At Wells Fargo, employees are seen as the competitive advantage to achieve business success for customers, shareholders and for the company to achieve its One Wells Fargo united mission. Because of this, the company’s CEO John Stumpf believes one contributor to business success is the development and utilization of the strengths of all team members, especially leaders. Stumpf brought Cara Peck, head of enterprise talent planning and development services at Wells Fargo, on late last year to communicate the company’s vision, mission, goals and implementation strategies to internal customers, provide resources to assist employee development planning and identify and communicate organizational opportunities. Peck tells Chief Learning Officer magazine how she does this.
How did you get here? Give us some background information.
I’ve been with Wells Fargo almost 13 years and this is a new role for me. Before this I was head of intermediary sales for Wells Fargo Funds Management.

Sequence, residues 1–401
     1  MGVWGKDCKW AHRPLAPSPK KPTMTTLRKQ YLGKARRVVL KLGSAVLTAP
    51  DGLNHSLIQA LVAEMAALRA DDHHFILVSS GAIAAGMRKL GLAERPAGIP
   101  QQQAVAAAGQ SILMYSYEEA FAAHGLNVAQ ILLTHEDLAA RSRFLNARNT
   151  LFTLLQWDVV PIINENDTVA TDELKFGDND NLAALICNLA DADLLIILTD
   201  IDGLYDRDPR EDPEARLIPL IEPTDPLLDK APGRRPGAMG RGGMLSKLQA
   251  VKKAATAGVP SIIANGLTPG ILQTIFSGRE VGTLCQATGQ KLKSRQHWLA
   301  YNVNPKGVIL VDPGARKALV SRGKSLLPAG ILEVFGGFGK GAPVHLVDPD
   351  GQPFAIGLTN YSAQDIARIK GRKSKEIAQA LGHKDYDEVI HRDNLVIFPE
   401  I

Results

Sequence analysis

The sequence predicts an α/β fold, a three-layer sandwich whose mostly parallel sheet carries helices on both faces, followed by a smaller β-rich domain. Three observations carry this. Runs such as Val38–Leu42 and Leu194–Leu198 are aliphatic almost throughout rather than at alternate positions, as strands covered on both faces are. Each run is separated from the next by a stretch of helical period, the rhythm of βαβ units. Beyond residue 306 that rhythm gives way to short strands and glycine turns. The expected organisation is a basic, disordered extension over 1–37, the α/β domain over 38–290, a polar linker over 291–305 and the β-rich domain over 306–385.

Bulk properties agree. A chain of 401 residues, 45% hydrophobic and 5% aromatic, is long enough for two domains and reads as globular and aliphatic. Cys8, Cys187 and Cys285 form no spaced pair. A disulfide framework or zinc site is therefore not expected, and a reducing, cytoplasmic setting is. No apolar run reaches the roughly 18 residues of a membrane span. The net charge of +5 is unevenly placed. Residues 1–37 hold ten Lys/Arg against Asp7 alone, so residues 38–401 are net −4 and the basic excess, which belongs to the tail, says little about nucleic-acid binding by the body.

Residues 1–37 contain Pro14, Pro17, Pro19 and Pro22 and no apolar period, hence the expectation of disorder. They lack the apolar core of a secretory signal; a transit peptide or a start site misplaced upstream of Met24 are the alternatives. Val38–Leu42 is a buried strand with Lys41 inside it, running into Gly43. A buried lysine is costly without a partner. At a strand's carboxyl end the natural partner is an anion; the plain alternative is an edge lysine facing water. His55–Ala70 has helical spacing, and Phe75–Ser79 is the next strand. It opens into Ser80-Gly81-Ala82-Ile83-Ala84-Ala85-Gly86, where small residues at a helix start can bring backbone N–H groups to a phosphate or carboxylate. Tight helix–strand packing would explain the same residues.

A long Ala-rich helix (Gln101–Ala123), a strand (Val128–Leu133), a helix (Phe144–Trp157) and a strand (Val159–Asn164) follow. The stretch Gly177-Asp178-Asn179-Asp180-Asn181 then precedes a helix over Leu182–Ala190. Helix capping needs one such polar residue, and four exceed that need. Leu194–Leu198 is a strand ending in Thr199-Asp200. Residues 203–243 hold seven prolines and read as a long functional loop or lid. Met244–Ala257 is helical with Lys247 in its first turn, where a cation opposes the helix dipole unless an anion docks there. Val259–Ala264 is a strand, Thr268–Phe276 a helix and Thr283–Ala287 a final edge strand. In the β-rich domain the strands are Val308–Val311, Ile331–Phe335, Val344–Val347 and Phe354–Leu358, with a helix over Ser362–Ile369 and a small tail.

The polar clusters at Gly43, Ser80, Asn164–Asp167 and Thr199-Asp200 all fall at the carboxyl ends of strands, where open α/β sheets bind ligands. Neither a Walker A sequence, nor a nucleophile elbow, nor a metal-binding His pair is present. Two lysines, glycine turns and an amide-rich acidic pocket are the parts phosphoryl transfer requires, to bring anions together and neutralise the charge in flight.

After the merger between Wachovia and Wells Fargo, John Stumpf, our CEO, and his operating committee really wanted to focus on leadership and the next generation of One Wells Fargo leaders and how we would accomplish the goal of uniting and building our top performers.
Wells Fargo was more of a decentralized organization, whereas Wachovia was a centralized organization, and bringing the two together, we had a bit of a fragmentation on how we approach leadership development. It was decided to create a corporate center of excellence around leadership and professional development using core and common platforms on how we develop our leaders. This mandate came down from John Stumpf and the operating committee in the beginning of 2011. I was hired out of the sales business at Wells Fargo on July 1, 2011, and we just launched the corporate center on January 1, 2012.
In addition to monitoring that process, I also own the office of talent management. It’s a nice partnership between the two — learning and development and talent management — because it allows us to have a lot of conversation around how we are developing our leaders, in particular, the leaders identified as succession to the operating committee or more senior roles at the enterprise.